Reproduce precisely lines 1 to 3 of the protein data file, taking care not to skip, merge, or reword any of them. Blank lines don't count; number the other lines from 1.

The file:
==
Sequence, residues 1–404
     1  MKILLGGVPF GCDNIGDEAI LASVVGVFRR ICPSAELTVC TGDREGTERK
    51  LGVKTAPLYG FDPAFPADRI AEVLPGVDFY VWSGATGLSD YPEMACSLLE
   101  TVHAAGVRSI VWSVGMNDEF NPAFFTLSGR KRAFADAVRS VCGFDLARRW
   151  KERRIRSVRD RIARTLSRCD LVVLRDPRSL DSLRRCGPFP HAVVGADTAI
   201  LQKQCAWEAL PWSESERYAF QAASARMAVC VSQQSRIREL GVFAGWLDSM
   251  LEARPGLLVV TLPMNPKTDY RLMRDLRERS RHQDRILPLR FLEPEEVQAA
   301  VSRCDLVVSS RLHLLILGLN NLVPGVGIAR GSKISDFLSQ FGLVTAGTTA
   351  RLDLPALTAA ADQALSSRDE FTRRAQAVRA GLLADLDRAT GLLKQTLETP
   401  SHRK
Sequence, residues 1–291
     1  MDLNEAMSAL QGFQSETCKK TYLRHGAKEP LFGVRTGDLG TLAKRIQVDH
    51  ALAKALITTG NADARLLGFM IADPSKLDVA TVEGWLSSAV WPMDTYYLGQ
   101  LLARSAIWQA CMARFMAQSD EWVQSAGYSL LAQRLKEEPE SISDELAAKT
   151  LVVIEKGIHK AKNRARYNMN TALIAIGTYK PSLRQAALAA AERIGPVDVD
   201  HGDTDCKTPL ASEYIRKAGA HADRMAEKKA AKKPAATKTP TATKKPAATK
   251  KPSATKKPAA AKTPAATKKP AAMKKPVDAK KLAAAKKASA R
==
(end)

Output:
Sequence, residues 1–404
     1  MKILLGGVPF GCDNIGDEAI LASVVGVFRR ICPSAELTVC TGDREGTERK
    51  LGVKTAPLYG FDPAFPADRI AEVLPGVDFY VWSGATGLSD YPEMACSLLE